Kremlin spokesman Dmitry Peskov said on Wednesday that President Putin “more than once has said that Russia would never interfere and does not interfere in the internal affairs of other countries, especially in the electoral process”.
When challenged by the press to condemn foreign powers that may be trying to intervene in the US election, Mr Trump replied: “No, it gives me no pause.
“If Russia or China or any of those country gets those emails, I’ve got to be honest with you, I’d love to see them.”
In a news conference in Florida, Mr Trump said he had “nothing to do with Russia”.
When asked by reporters if Russian President Vladimir Putin might favour a win for Mr Trump, the billionaire said he had “never met Putin, I don’t know who Putin is”.
“Russia is a global menace led by a devious thug,” said Brendan Buck, a spokesman for Paul Ryan, the Republican House Speaker. “Putin should stay out of this election.”
What does this have to do with the Clinton email investigation?
The two issues have been brought together by Mr Trump but, on the surface, have nothing to do with each other.
Shortly before she was sworn in as secretary of state in 2009, Hillary Clinton set up an email server at her home in Chappaqua, New York. She then relied on this server, home to the email address firstname.lastname@example.org, for all her electronic correspondence – both work-related and personal – during her four years in office.
It was 30,000 of the emails sent here that Mr Trump was encouraging hackers to find.
An FBI investigation concluded that Mrs Clinton should not face charges, but said she and her aides had been “extremely careless” in their handling of classified information.
Outdoor learning can have a positive impact on children’s development but it needs to be formally adopted, a report suggests.
Childhoods were dramatically changing, with fewer opportunities to spend time outdoors, researchers observed.
The loss of exposure to the natural environment would have negative long-term consequences, they warned.
Establishing an “outdoor learning hub” would help teachers, and help shape policies and strategy, they suggested.
The report highlighted previous studies that showed that busier family lives, combined with an increased sense of fear in society, children were having fewer opportunities to explore their surrounding natural environment.
This was hampering children’s social skills as well as risking stifling their long-term physical, emotional development and wellbeing. Therefore, it was important that schools did not overlook the opportunities that outdoor learning provided to bridge this gap.
“At the moment, if outdoor learning is part of a school’s curriculum in England, it is largely because the teachers recognise the value of it,” said report co-author, Sue Waite, a reader in outdoor learning at Plymouth University, UK.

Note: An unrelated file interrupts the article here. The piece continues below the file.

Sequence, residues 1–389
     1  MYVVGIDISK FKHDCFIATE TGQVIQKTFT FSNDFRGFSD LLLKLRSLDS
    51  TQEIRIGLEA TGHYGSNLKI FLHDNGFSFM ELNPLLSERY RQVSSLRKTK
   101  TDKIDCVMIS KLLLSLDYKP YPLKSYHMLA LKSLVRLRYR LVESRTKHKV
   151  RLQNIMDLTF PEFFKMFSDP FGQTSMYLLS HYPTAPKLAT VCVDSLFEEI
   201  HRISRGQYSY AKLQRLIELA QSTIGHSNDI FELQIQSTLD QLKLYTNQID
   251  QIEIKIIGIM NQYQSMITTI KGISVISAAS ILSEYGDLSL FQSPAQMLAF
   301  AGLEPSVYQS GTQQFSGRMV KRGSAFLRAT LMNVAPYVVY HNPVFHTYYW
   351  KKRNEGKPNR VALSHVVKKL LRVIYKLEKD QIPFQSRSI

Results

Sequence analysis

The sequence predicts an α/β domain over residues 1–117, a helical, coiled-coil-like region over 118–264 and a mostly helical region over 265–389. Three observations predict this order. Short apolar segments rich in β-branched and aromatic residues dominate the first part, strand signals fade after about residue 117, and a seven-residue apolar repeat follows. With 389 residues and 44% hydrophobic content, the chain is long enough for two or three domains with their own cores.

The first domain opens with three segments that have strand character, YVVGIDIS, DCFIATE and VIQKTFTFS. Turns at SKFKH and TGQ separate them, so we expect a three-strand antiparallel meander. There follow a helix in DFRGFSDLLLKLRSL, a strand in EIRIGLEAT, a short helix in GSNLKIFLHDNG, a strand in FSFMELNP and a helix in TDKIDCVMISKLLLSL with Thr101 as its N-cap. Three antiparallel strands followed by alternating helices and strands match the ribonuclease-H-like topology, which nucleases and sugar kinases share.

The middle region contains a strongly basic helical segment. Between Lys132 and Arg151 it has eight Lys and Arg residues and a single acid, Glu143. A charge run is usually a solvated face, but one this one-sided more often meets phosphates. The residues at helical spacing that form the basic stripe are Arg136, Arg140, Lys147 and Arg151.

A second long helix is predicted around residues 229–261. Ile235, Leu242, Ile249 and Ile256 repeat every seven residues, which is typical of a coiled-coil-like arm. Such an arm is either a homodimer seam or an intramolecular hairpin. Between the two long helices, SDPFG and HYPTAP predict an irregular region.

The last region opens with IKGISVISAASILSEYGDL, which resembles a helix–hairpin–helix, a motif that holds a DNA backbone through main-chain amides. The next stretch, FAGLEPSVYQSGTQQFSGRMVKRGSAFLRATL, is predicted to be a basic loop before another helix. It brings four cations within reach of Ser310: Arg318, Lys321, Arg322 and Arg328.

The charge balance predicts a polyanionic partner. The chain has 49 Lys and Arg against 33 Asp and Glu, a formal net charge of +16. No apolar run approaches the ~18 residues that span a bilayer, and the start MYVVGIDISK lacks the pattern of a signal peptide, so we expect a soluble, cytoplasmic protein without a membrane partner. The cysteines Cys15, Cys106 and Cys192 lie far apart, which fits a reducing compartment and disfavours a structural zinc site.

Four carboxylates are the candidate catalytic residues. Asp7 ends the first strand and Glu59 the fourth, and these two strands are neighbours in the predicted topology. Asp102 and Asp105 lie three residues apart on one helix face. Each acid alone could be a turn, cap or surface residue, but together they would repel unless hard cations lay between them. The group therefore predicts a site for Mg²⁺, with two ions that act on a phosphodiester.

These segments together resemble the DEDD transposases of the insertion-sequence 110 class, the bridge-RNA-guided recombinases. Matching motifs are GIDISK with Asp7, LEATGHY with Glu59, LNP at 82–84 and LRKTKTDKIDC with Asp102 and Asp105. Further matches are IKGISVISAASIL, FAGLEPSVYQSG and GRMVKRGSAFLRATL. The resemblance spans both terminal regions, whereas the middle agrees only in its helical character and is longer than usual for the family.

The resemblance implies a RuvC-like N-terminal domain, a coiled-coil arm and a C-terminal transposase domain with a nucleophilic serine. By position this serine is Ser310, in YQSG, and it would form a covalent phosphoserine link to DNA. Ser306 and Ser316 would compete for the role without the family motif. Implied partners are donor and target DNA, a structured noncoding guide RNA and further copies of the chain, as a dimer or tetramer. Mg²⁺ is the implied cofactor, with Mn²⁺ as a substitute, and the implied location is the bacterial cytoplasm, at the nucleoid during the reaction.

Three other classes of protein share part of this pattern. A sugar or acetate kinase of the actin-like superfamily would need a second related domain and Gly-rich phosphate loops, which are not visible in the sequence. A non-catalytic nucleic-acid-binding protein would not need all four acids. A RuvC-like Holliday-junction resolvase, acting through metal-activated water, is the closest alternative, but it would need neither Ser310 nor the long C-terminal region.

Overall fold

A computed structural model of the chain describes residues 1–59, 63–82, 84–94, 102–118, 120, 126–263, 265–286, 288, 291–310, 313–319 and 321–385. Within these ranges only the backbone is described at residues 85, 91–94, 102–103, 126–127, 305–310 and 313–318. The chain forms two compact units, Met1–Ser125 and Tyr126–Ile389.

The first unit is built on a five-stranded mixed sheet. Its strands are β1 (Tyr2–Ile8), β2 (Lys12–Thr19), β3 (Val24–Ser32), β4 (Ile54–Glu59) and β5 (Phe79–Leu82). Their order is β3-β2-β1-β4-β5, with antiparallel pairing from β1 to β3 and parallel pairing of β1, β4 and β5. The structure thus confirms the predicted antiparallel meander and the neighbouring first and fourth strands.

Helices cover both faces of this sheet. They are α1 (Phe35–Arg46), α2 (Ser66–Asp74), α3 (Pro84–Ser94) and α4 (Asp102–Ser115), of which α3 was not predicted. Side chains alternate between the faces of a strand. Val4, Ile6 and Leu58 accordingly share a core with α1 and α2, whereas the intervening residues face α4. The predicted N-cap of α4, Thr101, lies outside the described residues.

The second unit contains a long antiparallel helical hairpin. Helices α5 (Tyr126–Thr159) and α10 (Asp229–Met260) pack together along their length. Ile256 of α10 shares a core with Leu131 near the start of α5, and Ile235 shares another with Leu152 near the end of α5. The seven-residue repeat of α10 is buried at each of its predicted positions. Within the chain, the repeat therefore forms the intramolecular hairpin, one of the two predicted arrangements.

“With so much focus on academic attainment, there can be pressure on teachers to stay in the classroom which means children are missing out on so many experiences that will benefit them through their lives.”
Ms Waite added that the report showed that although there was a significant body of research that supports outdoor learning in both formal and informal contexts, it was likely to remain on the margins of education until the benefits were recognised by policymakers and reflected in policies. The report calls for it to be adopted by national curricula.
The report made a number of recommendations, including the establishment of a “strategic policy/research hub” to “collate existing research, prioritise future research needs and help improve the alignment between research and policy”.
The report also proposed a “Framework for 21st Century Student Outcomes” that could be delivered through regular lessons in natural environments.
The outcomes were grouped into five themes:
A healthy and happy body and mind
A sociable, confident person
A self-directed and creative learner
An effective contributor
An active global citizen
“We need to be a little bit clearer about what forms of outdoor learning meet what purposes and aims (of curricula),” Ms Waite told BBC News.
“So rather than just being outdoors magically making things happen, activities such as residential outdoor experiences would be particularly effective for developing social skills and leadership,” she said.
“Whereas field studies would be particularly effective for greater awareness of the environment.
“What we argue in the report is for people to think about the purpose and place (of the activity), as well as the people involved, in order to construct different forms of outdoor learning that will meet certain (teaching) aims.”
Ms Waite said that the findings acknowledged that schools were under pressure to deliver results, and found increasing constraints on time, finance and other resources.
She said that linking outdoor activities to learning outcomes would allow it to become part of a curriculum so there would be “no need to find extra time” for outdoor learning.
She added: “Getting it embedded within policy gives that extra reassurance to teachers that this is something justifiable to do.”
Ms Waite’s fellow co-author Prof Karen Malone, from Western Sydney University, added: “This report maps the evidence to encourage researchers and policymakers to meet at the interface of research and policy in order to shape a positive future for our children.”
A scientific paper that claimed a 2012 exhibition of Damien Hirst works led to the release of formaldehyde fumes has been retracted by one of its authors.
The report said gas levels at the Tate Modern exhibition – which included dead animals preserved in giant tanks – were above those legally permitted.
The claims were investigated by Hirst’s Science Ltd company, which conducted more tests on his formaldehyde pieces.
The results found there was “never any risk to the public”, as was alleged.
It has led Prof Pier Giorgio Righetti – one of the authors of the paper published in April in the Royal Society of Chemistry’s Analytical Methods Journal – to acknowledge his paper was “inaccurate and unreliable”.